Do Akitas Shed Much? [How Much]
If you’re thinking of bringing home an Akita, the amount of time you spend vacuuming your floors and grooming your beloved four-footed family member is undoubtedly an important consideration.
So, do Akitas shed much?
Yes, Akitas shed a lot, making it challenging for people who are Type A cleaners.
I’ll help you understand why Akitas shed a lot, how to maintain their coat, and strategies to reduce shedding in your formerly fur-free home.
How Often Do Akitas Shed?
Akitas shed twice per year, once at the beginning of winter and the other at the beginning of summer. The shedding process can be as short as two weeks and as long as two months.
That means if you have an Akita that’s a long-term shedder, you could spend up to four months of the year having to vacuum your house more frequently and staying extra on top of their grooming routine.
Of course, if you’ve spent time around dogs that aren’t hypoallergenic, you know that dogs drop their fur year-round. Akitas are no exception.
So, regardless of the time of year, it’s crucial to regularly groom your Akita to help manage the amount of fur they leave around your home.
Factors Affecting an Akita’s Shedding Rate
Here’s some surprising news: despite being the same breed, not all Akitas shed the same. Instead, their shedding habits depend on several factors, including:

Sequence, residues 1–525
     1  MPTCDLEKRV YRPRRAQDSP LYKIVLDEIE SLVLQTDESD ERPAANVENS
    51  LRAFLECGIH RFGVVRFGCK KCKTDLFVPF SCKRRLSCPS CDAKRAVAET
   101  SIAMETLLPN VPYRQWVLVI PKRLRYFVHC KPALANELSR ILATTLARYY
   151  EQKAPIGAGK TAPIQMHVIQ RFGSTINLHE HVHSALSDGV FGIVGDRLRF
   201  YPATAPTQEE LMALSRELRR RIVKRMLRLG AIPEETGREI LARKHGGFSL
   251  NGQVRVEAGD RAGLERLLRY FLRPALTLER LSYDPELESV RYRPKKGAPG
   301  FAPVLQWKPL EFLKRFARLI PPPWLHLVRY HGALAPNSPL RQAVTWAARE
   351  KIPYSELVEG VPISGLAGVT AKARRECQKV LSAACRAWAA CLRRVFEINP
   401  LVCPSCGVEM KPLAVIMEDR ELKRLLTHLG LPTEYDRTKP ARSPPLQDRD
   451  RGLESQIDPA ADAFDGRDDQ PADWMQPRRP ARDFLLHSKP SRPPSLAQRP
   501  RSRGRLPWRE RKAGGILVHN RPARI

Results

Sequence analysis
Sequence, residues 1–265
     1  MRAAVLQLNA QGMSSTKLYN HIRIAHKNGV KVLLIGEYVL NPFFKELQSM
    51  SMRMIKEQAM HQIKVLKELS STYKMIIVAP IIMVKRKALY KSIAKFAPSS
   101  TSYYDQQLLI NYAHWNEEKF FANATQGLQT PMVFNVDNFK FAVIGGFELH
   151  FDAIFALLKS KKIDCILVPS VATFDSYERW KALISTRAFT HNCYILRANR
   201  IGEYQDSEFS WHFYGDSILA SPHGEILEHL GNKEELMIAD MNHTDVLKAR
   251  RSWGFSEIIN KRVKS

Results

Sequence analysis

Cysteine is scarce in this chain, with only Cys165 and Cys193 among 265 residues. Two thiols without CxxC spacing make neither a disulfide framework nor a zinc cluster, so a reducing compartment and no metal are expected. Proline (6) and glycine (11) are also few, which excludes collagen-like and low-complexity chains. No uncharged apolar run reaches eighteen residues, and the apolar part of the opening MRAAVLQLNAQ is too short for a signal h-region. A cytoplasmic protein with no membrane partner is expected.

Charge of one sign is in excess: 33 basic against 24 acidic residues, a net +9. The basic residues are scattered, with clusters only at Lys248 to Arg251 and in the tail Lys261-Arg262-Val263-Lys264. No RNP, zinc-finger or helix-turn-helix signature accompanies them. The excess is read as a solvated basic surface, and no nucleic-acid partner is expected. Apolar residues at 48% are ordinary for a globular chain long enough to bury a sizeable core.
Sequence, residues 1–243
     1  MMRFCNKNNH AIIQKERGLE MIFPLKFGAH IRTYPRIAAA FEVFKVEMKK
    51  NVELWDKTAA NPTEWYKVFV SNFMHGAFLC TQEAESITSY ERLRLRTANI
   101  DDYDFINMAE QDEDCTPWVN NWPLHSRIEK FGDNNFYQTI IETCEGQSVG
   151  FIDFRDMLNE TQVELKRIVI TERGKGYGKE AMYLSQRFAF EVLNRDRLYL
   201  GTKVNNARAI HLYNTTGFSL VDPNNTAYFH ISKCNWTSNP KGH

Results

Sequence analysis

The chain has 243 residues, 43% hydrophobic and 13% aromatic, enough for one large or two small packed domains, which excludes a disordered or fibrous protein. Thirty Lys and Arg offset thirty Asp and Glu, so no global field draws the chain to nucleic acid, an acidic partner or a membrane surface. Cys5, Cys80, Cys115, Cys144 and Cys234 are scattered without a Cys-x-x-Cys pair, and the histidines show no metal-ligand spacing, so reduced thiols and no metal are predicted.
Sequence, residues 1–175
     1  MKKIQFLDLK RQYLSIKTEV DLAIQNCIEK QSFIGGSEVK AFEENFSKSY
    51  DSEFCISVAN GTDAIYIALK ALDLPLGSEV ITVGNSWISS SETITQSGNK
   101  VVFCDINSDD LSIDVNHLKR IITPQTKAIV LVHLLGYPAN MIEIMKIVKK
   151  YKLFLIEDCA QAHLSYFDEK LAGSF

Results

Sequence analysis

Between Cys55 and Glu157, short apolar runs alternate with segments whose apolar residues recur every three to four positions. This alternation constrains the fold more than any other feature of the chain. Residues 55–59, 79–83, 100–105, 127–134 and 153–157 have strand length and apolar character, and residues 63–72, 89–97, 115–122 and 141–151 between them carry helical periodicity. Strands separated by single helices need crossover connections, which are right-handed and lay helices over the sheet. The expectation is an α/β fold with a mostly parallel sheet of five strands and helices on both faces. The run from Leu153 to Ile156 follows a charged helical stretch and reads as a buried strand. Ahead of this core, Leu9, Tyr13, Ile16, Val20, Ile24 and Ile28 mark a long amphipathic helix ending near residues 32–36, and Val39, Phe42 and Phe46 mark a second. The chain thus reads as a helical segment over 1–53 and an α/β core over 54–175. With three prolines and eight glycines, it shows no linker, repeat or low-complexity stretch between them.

- The climate
- How often you groom them
Understanding the Akita’s Coat
The American Kennel Club classifies Akitas as having a double coat with fur that’s a medium length. They grow this double coat because they’re from Japan, where they traditionally needed thick fur to protect them so they could hunt and fight in the winter.
Double coats work by having a soft-to-the-touch undercoat with short hair. These hairs are often fast-growing.
They then have a longer topcoat, which grows slower. When you find an extra mess of hair on your floor from Akitas twice per year, you’re likely seeing most of the undercoat, as this is the one that sheds more frequently.
While it can be tempting to want to shave your Akita’s coat, doing so can be harmful to them. Having a double coat prevents cool air from reaching your dog’s skin, given that the difference in speed of hair regrowth offsets their ability to have cool air reach their skin.
Furthermore, Akita’s lose their protection from sunburn when you shave their coat. For this reason, it’s always best to groom dogs with double coats but never to shave them.
All About the Akita’s Baby Coat
There’s nothing like the soft feel of an Akita’s baby coat. But, sadly for your hands and floor, this adorable fur doesn’t last forever.
So, if you bring your Akita home as a puppy, you can expect them to live without heavy shedding until they reach 6 – 12 months old. At that time, they’ll shed their baby coat, which is separate from their bi-annual shedding.
That said, they sometimes shed their baby coat around the same time that they’ll shed as an adult. So, make a note when it happens so that you can check if they have their first adult coat bi-annual shedding about six months from that time.
That way, you can better prepare to tend to your Akita’s coat in the long term.